#Repost #OverKill?

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#Repost #OverKill?

May 16, 2018

Kendall Howell | Student

Often times, influencers on social media will re-post a brand's ad or Instagram picture; however, some believe that without a specific indicator the influencer's followers will not be able to determine whether the post is genuine content or an advertisement. Personally, I believe that it is clear that the re-post of the advertisement is clearly an advertisement, but I do agree that there should be some level of an indicator in order to clearly define a post as an advertisement.

From personal experience, I have found that influencers mark their re-post advertisements as '#repost.' Because of this, I think it makes sense to have '#repost' serve as a key indicator for re-posted content. Furthermore, influencers tag not only the company but the post creators to credit them for the content. Both of these actions alert viewers of the post's true nature and signal sponsorship, but there are still steps that can be taken to further clarify advertisements on social media. If '#ad' was added in combination with '#repost,' influencers' posts would only gain an extra layer of clarity.

Adding these clarifying hashtags will create a sense of transparency within the social media community without being 'overkill.' If a person is really moved enough by the post to consider the product, then they would have looked at the post closely enough to see the '#repost' and '#ad.' If not, then I doubt it was the post itself that convinced the viewer to buy the product. In other words, people who are scrolling so fast that they do not notice the clarifiers are scrolling to fast to see the product itself.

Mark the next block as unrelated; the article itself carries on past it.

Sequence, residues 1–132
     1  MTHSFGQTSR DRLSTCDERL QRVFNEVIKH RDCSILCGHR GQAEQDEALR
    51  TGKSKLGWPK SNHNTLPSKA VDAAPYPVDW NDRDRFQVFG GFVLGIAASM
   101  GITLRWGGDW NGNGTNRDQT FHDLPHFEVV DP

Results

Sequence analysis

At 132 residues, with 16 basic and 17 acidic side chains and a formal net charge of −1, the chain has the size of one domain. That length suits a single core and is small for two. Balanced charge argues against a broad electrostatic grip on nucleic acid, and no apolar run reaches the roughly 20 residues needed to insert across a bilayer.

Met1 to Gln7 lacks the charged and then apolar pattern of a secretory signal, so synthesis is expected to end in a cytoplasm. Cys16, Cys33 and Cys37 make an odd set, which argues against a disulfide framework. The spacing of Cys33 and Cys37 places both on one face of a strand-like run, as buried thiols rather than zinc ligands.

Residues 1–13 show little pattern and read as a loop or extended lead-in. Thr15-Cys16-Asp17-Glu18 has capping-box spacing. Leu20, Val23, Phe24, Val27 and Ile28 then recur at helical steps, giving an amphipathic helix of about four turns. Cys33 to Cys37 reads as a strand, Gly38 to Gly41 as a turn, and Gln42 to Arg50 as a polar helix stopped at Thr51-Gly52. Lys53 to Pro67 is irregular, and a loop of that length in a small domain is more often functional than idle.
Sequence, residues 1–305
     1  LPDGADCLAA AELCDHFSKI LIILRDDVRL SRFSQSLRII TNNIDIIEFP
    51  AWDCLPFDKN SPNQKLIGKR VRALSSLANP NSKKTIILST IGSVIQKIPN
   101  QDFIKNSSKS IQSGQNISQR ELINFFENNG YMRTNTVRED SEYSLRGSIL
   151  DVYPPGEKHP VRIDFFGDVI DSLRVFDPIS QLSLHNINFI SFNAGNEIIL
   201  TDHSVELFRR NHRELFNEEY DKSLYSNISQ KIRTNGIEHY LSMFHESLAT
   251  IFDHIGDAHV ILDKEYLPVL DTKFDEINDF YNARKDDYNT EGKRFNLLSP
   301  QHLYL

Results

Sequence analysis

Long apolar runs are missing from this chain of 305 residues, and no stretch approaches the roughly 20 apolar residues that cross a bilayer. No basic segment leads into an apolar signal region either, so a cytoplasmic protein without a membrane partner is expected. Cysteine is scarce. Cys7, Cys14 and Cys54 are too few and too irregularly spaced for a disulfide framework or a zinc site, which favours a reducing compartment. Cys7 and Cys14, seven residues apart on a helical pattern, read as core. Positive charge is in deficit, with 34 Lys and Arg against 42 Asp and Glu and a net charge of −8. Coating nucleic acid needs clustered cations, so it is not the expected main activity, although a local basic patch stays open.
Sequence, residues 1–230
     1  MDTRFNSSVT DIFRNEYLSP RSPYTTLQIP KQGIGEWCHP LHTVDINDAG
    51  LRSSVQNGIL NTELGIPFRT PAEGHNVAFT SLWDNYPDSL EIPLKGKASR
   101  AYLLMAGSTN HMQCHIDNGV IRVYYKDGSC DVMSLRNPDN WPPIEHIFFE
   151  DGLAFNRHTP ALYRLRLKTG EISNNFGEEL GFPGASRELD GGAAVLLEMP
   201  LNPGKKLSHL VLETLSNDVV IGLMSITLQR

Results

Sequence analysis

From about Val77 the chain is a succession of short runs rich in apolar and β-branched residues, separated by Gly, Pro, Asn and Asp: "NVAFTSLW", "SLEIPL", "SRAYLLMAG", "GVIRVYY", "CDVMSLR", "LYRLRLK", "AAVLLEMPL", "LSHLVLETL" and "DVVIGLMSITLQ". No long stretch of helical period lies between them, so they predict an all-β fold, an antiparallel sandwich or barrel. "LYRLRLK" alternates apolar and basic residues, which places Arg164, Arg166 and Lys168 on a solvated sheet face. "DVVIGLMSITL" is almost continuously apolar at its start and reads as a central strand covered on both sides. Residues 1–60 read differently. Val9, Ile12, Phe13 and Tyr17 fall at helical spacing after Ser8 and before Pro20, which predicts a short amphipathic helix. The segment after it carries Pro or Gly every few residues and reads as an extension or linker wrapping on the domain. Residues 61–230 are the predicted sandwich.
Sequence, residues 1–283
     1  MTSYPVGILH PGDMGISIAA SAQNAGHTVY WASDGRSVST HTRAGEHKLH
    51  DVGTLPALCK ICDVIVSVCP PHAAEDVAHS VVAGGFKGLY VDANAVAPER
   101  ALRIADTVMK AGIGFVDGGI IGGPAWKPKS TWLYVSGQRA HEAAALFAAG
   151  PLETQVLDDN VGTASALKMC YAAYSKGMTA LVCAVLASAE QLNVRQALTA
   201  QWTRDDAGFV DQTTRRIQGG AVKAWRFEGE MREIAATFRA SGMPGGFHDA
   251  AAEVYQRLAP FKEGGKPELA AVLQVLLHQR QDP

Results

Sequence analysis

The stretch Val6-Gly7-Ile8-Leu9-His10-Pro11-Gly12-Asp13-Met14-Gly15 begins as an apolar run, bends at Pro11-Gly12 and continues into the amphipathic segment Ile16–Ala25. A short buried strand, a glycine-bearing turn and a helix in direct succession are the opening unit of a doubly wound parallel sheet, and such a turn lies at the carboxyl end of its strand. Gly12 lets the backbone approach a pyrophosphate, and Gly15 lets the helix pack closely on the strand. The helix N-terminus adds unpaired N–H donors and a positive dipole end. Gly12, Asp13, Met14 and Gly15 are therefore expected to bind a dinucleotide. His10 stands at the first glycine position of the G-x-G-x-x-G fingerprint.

If requirements are made in addition to the '#ad' and the '#repost,' then I believe it would be a bit of overkill. Influencers are known and chosen for their specific aesthetics, so the more they are limited by regulations the less creative freedom they are given. The more influencers are limited, the less influential they will be, thus making companies less likely to sponsor influencers in the first place. Additionally, increasing warnings and signals on posts could create a negative connotation that will scare potential customers instead of bringing them in. Ultimately, it is best to keep signals simple and clear like #ad and #repost.

Kendall Howell, a student in Jon Pfeiffer's Spring 2018 Media Law class at Pepperdine University, wrote the above essay in response to the following question:When an influencer reposts a brand's ad or Instagram picture, do you think it's obvious that it's an ad? Or do people scroll by too quickly to notice that it wasn't the influencer's personal post? Should influencers include extra disclosures in their descriptions just to be on the safe side, or is that overkill?

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